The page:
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Paint perfection; Painting newly plastered walls and ceilings can throw up problems - JULIA GRAY shows you ways to solve them.

Byline: JULIA GRAY

1 BEFORE painting newly plastered walls and ceilings, you first need to seal the plaster.

New plaster is very absorbent and although there are paints and sealers designed for it, a common way to seal it is with watered-down emulsion, as the plaster sucks up the water. Painting plaster before it's fully dry can cause the paint to peel, so don't start too soon.

2 WATERED.DOWN emulsion is messy to work with because it drips more than standard emulsion.

Wipe, roller or brush out drips immediately to avoid a bad finish - the drips dry quickly because the plaster's so absorbent.

If your topcoat is white, use watered-down white emulsion for sealing, or you'll end up doing more coats of topcoat than you need to.

3 ANOTHER problem with using a white topcoat on new plaster is that you can get patches where the topcoat needs several coats to cover.

To save time and paint, use a basecoat emulsion on these patches, which should cover them in one or two coats. Basecoats are designed to cover problems like dark colours, stains and hairline cracks, depending on the product.

4 A REALLY good paint for covering these patches is Crown Solo One Coat Matt Emulsion in Pure Brilliant White (PS17.99 for 2.5ltr, Homebase), which you can use instead of a basecoat or as the topcoat, missing out the basecoat stage. One-coat emulsions can save time, but some give a patchy finish, which can look terrible, especially in light from a window or door, so choose carefully.

5 IF PATCHES of new plaster don't dry out, they're probably damp. Often the best solution is to remove the plaster back to the brickwork and get a plasterer to do a waterproof render before re-plastering. This should stop any moisture in the brickwork coming back through the plaster. The cause of the damp should also be addressed.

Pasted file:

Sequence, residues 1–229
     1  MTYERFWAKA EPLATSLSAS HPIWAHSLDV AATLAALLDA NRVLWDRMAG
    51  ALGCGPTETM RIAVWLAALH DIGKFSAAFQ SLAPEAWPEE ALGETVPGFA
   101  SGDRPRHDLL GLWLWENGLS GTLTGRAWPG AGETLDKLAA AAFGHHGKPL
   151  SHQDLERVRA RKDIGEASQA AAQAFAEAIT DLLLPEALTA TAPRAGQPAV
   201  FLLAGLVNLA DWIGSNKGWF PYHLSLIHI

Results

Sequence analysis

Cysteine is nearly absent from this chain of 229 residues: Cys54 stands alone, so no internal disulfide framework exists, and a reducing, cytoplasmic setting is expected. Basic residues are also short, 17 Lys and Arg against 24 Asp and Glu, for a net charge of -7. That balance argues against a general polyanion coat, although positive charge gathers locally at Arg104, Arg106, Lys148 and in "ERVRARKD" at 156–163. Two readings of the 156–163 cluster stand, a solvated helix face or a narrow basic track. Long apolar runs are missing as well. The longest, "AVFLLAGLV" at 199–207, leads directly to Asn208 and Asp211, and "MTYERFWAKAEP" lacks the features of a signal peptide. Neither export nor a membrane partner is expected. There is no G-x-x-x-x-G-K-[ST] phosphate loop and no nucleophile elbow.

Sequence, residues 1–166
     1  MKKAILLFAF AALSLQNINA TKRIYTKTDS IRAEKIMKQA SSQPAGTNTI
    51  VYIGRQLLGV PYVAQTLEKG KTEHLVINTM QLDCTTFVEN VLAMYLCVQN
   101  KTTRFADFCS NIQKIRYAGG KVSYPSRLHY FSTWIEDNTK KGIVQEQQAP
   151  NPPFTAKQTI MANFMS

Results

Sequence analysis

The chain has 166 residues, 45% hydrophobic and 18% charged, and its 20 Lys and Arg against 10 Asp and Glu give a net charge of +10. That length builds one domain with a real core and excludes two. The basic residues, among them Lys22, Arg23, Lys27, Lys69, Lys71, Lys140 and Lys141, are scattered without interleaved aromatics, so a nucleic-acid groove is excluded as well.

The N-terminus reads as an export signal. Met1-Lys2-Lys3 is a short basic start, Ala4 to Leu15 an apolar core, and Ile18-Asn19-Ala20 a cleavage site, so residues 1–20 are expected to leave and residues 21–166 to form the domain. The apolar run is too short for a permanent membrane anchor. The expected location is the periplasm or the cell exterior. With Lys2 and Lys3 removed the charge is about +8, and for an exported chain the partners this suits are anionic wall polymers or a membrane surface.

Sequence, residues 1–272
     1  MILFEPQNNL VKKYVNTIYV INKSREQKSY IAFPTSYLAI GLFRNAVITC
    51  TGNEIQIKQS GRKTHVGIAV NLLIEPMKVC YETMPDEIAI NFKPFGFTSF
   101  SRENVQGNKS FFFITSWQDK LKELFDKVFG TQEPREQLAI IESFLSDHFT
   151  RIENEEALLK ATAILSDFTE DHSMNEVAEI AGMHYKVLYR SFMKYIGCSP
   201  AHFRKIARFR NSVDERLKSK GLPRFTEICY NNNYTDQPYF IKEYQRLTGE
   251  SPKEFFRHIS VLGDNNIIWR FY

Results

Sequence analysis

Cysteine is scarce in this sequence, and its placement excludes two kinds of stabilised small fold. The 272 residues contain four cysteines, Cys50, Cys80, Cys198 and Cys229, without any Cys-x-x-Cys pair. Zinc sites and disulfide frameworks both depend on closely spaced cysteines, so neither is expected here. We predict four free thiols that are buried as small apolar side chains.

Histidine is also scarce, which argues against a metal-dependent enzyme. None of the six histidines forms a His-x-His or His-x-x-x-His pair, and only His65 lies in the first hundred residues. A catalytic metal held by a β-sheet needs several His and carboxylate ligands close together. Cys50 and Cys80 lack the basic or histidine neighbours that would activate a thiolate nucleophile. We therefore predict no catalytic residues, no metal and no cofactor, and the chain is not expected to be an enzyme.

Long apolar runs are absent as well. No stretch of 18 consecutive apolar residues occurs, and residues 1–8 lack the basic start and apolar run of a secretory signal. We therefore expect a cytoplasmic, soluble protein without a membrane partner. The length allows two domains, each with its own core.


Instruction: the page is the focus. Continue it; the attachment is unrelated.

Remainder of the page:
Alternatively, there are quick fixes, such as applying damp paint/seal to damp patches, then painting, tiling or cladding the wall (with tongueand-groove panelling, for example). However, you're covering the damp rather than dealing with it and it may come through again once the damp paint/seal starts to fail.

To see how to paint a newly plastered wall, watch Tommy's Trade Secrets - How To Paint Fresh Plaster at youtube.com/watch?v=7WVJ18EZK8o product of the week PROFESSIONAL decorators love to use trade paints, but there's no reason why DIYers can't enjoy the benefits of them too - some are available in DIY stores so buying them couldn't be easier.

It's often a struggle to find a good white emulsion, but Dulux Trade Vinyl Matt in Pure Brilliant White (from PS21.13 for 2.5ltr, B&Q) is a great choice, as it covers well and produces a hard-wearing, wipeable finish. If you want a white white, Pure Brilliant White is for you, but if you prefer an off-white that's more cream than white, you need Dulux Trade Vinyl Matt in White (from PS28.48 for 5ltr, B&Q).

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After plastering you must seal it before you start painting

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Publication:South Wales Echo (Cardiff, Wales)
Date:Feb 21, 2015
Words:519
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